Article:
Working Outside the Box

Working Outside the Box

The publication Computerworld recently conducted a survey of IT professionals in which they were trying to identify the top skills outside of IT that are most valuable to an IT professional.

Now, why in the world would anyone within IT have to worry about skills that typically fall outside of the profession’s requirements? Well, there is a growing trend that is causing some IT workers to be uprooted from the friendly confines of their IT department.

More on that in a minute.

Here’s what Computerworld found to be the top non-IT skills:

  • Connecting with customers
  • Analytical thinking
  • Leadership / strategic thinking
  • Collaboration / team-building
  • Managing projects
  • Ability to innovate
  • Managing people
  • Marketing skill
  • Social medial skill

So, where is this all going?

You have heard the term “embedded journalist,” right? A member of the news media who is a part of the battlefield action, right beside military troops – 24 hours a day.

Computerworld says its research is picking up on a growing trend – the embedded IT worker. Not on the battlefield, but taking up residence within various departments or business units throughout a company. A survey by the publication showed that the embedded IT worker concept was in play for nearly 20 percent of its survey’s respondents.

Proponents for such a move say embedding IT personnel in business units is the most critical move any IT department can make in order to get closer to the customer. Among the benefits they site: stronger relationships that foster communication and collaboration between business users and IT, as well as a more complete understanding on the part of IT of operational workflows and processes. Those positive outcomes in turn allow IT to deliver systems that better meet organizational needs and goals.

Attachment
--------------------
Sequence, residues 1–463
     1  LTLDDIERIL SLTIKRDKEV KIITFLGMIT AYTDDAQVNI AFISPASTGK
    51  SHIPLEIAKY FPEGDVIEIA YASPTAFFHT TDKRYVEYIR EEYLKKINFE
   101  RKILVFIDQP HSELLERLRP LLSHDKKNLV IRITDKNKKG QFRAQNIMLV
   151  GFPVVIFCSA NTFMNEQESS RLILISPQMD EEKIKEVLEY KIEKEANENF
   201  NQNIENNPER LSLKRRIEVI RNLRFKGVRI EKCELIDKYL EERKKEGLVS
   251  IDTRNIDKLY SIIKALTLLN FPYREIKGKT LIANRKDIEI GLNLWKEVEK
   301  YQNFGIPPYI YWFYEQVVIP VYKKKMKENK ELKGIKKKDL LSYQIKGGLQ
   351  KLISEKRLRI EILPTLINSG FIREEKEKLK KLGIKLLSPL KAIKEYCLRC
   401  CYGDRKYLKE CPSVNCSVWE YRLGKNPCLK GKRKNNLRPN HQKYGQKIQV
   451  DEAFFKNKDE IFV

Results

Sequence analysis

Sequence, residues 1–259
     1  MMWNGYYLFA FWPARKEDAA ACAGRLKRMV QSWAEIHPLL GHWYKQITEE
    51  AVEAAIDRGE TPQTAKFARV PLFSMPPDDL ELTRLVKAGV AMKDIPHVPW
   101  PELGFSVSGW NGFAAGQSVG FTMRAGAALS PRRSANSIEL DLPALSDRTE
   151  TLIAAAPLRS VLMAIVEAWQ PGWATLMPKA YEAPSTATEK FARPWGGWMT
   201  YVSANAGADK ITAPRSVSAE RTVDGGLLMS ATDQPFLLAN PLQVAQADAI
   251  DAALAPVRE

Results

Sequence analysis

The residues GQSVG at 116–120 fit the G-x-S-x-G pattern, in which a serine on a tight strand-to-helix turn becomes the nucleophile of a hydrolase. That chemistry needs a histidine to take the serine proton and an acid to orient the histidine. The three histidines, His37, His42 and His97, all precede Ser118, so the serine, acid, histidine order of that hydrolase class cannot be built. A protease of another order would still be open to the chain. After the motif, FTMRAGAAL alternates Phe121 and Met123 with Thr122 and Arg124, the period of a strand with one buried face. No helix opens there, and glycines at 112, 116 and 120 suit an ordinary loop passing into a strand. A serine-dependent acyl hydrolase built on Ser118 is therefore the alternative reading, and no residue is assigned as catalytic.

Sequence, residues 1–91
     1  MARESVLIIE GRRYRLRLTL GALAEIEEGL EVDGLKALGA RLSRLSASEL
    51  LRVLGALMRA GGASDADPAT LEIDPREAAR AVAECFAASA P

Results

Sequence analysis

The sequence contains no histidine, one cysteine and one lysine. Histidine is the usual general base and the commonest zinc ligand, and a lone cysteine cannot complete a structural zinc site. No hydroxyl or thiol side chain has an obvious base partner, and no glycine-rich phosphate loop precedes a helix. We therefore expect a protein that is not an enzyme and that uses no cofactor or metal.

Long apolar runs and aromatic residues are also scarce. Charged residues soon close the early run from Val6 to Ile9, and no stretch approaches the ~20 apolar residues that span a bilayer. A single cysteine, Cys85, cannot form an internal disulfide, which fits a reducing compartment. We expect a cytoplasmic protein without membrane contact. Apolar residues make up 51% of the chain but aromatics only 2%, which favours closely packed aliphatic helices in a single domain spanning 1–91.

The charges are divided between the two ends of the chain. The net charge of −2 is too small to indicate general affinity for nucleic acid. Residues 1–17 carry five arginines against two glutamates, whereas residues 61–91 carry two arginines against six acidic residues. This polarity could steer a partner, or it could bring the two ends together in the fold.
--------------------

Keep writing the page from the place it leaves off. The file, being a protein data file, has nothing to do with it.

Sound interesting? Could you see yourself picking up your laptop and exchanging the whir of servers and cooling fans for the full-time buzz of another department?

It’s not for everybody. An IT recruiter who hires for these types of positions summarizes what’s needed by saying, “An embedded role demands communication and collaboration skills above what’s sought in a typical IT employee. They must be willing to take the initiative, have good listening skills and be politically savvy in order to balance competing demands and requests.”

The recruiter went on to say, “They have to be able to focus on what’s best for the company as a whole. They tend to be bigger-picture people who are good at managing details. They can prioritize and be comfortable in no-man’s land as champion of the project…and not the champion of the business unit or of IT.”

Still interested? The recruiter noted that embedded members of IT typically have job titles like “business relationship manager” or maybe to a lesser degree “business analyst.” Annual salaries for these types of positions may be in the neighborhood of $100,000. The employees generally report into IT leadership, with dotted lines to executives or managers in the business function they support.

All to say, while we all put a tremendous amount of time, energy and focus on IT skills and certification practice, studying and training, there’s much more available in this incredible profession if you want it.

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